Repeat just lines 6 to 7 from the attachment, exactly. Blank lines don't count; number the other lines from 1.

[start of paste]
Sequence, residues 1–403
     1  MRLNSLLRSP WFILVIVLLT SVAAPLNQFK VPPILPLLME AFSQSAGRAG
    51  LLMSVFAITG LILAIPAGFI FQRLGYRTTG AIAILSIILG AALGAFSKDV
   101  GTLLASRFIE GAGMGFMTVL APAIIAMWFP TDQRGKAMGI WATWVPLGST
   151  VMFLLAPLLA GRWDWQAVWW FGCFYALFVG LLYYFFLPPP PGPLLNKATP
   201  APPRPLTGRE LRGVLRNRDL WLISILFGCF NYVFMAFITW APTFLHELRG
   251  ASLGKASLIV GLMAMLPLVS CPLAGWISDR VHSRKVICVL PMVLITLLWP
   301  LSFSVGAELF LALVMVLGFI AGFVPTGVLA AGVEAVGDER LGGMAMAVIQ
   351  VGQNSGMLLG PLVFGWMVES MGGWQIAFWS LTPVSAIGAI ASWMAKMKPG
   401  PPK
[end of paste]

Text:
   201  APPRPLTGRE LRGVLRNRDL WLISILFGCF NYVFMAFITW APTFLHELRG
   251  ASLGKASLIV GLMAMLPLVS CPLAGWISDR VHSRKVICVL PMVLITLLWP